Grynspan during the presentation. / Photo: @CumbreIberoA
The Diplomat. 08/12/2017
The Ibero-American General Secretariat (SEGIB) presented last Wednesday in Antigua (Guatemala) the tenth edition of the Report on South-South Cooperation in Ibero-America, which reveals that “no other region in the world generates south-south cooperation of this intensity and scope “.
The document was presented during the second Meeting of National Coordinators and those Responsible for Cooperation and within the framework of the Second Meeting of Ministers of Foreign Affairs of Ibero-America, which was attended by the Minister of Foreign Affairs and Cooperation, Alfonso Dastis, and the Secretary of State for International Cooperation and for Ibero-America and the Caribbean, Fernando García Casas.
According to the report, Ibero-American countries participated in 1,475 South-South cooperation initiatives in 2015. Most south-south cooperation projects focused on the social sector, such as health or social policy services (33.5%), the productive sectors, such as agriculture or industry (31.1%), and the institutional strengthening and infrastructure and economic services such as energy (both 14.9%).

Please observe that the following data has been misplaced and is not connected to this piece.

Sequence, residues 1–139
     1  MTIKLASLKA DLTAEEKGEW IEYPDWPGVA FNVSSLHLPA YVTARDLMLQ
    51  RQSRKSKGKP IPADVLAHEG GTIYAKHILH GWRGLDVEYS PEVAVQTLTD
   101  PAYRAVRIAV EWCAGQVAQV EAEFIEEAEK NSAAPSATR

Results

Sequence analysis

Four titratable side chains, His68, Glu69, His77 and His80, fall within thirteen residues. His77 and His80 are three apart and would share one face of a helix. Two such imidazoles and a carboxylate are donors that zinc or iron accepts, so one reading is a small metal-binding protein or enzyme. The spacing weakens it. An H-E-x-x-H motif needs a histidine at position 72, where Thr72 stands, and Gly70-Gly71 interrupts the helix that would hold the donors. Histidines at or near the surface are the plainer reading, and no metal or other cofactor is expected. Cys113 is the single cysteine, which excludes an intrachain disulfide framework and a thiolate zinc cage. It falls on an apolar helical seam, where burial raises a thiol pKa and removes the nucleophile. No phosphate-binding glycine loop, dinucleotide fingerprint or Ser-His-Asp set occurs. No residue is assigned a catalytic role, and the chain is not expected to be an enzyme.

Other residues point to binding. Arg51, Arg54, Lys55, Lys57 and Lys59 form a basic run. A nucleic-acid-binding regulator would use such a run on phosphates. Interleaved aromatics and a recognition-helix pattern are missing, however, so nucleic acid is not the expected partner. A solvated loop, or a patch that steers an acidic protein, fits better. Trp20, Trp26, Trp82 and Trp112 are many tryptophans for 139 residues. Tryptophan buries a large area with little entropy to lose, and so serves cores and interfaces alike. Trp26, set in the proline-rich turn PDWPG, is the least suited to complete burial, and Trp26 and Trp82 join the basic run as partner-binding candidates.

The social and productive sectors focused more than 64% of the 1,475 projects in the region in 2015
Likewise, 60% of the projects contributed to more than one of the Sustainable Development Goals (SDG) of the 2030 Agenda: Agriculture and Food Security and Health and Welfare (SDG 2 and 3), Decent Work and Economic Growth and Industry and Innovation (SDGs 8 and 9) and Education and Inequality Reduction (SDGs 4 and 10).
The country that contributed the most projects was Argentina, followed by Mexico, Brazil, Chile and Cuba. At the other extreme, El Salvador was the most benefited country, followed by Bolivia, Argentina, Mexico, and Uruguay. The participation of Guatemala, host country of the meeting, has more than doubled, since it has gone from 70 to 155 initiatives between 2010 and 2017, an increase of 221%.
The success of south-south cooperation “allows us to move from the paradigm of assistance to the paradigm of cooperation”, said Ibero-American General Secretary Rebeca Grynspan during the presentation. “It’s not just about transferring resources, it’s about forming alliances”, she continued. That is “the future of cooperation throughout the world, and from Latin America we indicate the way forward”, she added.